However Scotland votes on Thursday, the simple fact that it will have a referendum on independence peacefully and only after careful deliberation testifies to Britain’s greatness.
It wasn’t so long ago that the peoples of Eastern Europe fought and died to liberate themselves from Soviet oppression. Only in recent years has the unrest that accompanied separatism in the Basque Country calmed down yet to this day, the rest of Spain refuses to give the Catalonians even the choice to secede. In the Middle East, the Kurds are on the verge of gaining their own state but only after decades of violent struggle. The people of eastern Ukraine have to defend their independence from another state altogether.
The Scottish referendum is almost unique in that the breakup of a country would be accompanied without bloodshed. It is also almost unique in the sense that the rest of the United Kingdom is willing to let the Scots go their own way, should they choose to do so. No one doubts that on Friday, the English, Northern Irish and Welsh will accept and respect whatever decision the Scots have made.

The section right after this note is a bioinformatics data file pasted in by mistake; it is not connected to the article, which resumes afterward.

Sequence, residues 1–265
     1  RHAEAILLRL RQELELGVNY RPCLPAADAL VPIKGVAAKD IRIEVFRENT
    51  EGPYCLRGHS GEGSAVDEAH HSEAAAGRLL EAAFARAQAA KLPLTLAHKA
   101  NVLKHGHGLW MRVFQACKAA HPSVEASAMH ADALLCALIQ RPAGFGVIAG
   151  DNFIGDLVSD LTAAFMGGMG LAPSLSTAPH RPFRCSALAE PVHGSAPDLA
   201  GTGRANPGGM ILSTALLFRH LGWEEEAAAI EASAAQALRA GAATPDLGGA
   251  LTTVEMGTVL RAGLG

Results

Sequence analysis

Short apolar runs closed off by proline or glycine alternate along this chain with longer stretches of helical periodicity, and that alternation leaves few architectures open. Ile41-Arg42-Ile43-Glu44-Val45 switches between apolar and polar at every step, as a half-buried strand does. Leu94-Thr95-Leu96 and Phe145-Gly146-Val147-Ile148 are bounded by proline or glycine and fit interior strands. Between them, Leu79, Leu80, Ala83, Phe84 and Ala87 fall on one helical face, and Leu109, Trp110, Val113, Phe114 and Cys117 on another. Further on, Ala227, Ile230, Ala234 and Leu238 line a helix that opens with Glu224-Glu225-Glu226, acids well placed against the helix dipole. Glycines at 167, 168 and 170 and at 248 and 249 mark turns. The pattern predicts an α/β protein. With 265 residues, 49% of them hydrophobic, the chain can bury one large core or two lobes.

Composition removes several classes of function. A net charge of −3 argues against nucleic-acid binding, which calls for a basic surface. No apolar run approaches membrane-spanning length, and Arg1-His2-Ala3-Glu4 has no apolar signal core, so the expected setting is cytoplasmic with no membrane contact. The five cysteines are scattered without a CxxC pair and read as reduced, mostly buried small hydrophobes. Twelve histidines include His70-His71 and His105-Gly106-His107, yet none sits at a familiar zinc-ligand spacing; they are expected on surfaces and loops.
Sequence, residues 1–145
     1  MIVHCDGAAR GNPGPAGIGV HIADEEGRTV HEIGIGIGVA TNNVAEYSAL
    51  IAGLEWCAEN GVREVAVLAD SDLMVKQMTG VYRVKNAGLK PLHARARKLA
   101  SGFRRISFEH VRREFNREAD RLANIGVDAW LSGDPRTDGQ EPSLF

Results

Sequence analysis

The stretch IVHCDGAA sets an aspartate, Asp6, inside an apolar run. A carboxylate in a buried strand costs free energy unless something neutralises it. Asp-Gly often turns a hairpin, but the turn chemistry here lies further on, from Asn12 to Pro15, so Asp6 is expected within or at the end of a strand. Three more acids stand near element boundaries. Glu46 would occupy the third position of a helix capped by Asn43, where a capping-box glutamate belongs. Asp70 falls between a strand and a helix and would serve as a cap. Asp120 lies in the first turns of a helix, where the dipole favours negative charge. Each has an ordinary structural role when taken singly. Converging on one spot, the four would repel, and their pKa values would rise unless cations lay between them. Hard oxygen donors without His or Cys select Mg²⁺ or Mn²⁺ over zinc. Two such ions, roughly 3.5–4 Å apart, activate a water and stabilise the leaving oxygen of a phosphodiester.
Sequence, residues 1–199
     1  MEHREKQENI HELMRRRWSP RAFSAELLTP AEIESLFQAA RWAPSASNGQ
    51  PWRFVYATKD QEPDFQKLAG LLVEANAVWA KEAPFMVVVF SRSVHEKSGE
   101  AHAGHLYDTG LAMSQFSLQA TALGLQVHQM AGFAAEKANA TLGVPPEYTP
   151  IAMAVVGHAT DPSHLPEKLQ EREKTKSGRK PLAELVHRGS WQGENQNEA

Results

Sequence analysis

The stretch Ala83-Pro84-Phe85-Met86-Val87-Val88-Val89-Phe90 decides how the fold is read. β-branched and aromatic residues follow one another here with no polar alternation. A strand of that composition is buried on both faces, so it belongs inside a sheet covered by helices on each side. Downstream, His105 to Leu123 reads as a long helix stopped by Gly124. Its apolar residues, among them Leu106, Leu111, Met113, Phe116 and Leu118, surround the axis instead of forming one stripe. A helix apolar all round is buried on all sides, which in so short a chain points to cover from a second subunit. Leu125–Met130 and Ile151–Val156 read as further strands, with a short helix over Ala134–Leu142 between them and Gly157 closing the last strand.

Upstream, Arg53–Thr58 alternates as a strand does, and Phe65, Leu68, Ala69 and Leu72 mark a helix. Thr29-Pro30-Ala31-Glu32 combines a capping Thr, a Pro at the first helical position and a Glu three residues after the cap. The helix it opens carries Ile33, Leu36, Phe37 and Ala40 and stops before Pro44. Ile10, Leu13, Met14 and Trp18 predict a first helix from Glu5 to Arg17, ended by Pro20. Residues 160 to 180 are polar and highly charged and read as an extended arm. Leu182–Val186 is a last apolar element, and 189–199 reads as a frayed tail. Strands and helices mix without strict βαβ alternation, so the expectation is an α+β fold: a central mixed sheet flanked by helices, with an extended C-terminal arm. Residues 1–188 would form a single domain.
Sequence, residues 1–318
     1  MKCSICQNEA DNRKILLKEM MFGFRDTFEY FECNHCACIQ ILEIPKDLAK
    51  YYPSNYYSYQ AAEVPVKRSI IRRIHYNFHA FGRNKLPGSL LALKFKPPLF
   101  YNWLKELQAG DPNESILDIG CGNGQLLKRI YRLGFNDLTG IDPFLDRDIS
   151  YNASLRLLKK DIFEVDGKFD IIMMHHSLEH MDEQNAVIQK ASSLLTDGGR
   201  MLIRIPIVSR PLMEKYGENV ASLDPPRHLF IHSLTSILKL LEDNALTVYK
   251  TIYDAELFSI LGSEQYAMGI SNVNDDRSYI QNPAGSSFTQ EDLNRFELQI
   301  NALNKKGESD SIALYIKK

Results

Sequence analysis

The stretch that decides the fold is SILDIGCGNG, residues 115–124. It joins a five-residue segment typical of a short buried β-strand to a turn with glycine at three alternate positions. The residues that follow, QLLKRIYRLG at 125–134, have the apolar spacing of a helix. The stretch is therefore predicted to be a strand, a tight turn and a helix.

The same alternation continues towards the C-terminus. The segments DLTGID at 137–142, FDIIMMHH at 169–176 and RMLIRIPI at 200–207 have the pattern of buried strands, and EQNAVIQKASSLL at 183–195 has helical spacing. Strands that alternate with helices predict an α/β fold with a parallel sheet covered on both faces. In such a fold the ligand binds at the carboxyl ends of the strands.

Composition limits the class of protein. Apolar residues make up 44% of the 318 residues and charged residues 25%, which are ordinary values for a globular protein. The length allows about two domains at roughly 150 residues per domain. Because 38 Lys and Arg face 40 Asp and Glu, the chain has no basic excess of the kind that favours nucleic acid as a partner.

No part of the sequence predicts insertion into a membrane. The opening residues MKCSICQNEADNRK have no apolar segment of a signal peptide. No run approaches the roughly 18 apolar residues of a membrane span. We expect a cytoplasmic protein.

There has been bitterness and vitriol on both sides. Scottish independence is an emotional issue. But it is a far cry from the turmoil that accompanies separatism elsewhere. And by far most Scots, and most other Britons, have engaged in an inspiring debate about what it means to be Scottish and what it means to be British.
For all the pros and cons of independence — which many Scottish voters are weighing as they make up their minds today — it is this question that is central to the referendum: Does the Scottish nation need a state of its own?
Few peoples ever get to make that choice and when they do, it is rarely with the blessing of the state they live in. That the Scots now have this opportunity shows how seriously Britain takes its commitment to freedom and self-determination. That is something to be applauded.